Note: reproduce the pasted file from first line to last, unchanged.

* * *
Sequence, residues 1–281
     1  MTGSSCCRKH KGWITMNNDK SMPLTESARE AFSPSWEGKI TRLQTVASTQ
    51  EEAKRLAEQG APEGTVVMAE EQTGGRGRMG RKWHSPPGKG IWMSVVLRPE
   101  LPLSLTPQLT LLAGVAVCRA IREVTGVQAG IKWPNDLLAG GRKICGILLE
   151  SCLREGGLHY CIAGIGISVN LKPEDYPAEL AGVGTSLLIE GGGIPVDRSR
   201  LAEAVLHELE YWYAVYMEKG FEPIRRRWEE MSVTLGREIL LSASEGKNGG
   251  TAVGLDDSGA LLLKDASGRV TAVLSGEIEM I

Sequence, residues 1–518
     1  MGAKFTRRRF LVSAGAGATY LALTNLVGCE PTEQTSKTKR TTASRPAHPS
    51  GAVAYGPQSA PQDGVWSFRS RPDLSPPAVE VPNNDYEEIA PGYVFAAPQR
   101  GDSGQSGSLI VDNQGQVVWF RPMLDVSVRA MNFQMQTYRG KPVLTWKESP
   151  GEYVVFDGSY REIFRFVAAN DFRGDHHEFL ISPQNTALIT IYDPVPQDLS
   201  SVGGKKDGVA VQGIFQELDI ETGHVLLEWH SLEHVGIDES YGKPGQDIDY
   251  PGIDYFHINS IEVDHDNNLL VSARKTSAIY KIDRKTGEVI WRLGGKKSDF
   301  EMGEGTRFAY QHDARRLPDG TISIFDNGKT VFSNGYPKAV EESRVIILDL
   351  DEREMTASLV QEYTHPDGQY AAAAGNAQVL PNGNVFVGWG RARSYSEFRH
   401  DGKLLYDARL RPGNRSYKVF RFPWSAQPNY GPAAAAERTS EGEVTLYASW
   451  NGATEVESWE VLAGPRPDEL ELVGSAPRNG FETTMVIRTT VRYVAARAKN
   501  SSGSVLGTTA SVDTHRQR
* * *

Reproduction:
Sequence, residues 1–281
     1  MTGSSCCRKH KGWITMNNDK SMPLTESARE AFSPSWEGKI TRLQTVASTQ
    51  EEAKRLAEQG APEGTVVMAE EQTGGRGRMG RKWHSPPGKG IWMSVVLRPE
   101  LPLSLTPQLT LLAGVAVCRA IREVTGVQAG IKWPNDLLAG GRKICGILLE
   151  SCLREGGLHY CIAGIGISVN LKPEDYPAEL AGVGTSLLIE GGGIPVDRSR
   201  LAEAVLHELE YWYAVYMEKG FEPIRRRWEE MSVTLGREIL LSASEGKNGG
   251  TAVGLDDSGA LLLKDASGRV TAVLSGEIEM I

Sequence, residues 1–518
     1  MGAKFTRRRF LVSAGAGATY LALTNLVGCE PTEQTSKTKR TTASRPAHPS
    51  GAVAYGPQSA PQDGVWSFRS RPDLSPPAVE VPNNDYEEIA PGYVFAAPQR
   101  GDSGQSGSLI VDNQGQVVWF RPMLDVSVRA MNFQMQTYRG KPVLTWKESP
   151  GEYVVFDGSY REIFRFVAAN DFRGDHHEFL ISPQNTALIT IYDPVPQDLS
   201  SVGGKKDGVA VQGIFQELDI ETGHVLLEWH SLEHVGIDES YGKPGQDIDY
   251  PGIDYFHINS IEVDHDNNLL VSARKTSAIY KIDRKTGEVI WRLGGKKSDF
   301  EMGEGTRFAY QHDARRLPDG TISIFDNGKT VFSNGYPKAV EESRVIILDL
   351  DEREMTASLV QEYTHPDGQY AAAAGNAQVL PNGNVFVGWG RARSYSEFRH
   401  DGKLLYDARL RPGNRSYKVF RFPWSAQPNY GPAAAAERTS EGEVTLYASW
   451  NGATEVESWE VLAGPRPDEL ELVGSAPRNG FETTMVIRTT VRYVAARAKN
   501  SSGSVLGTTA SVDTHRQR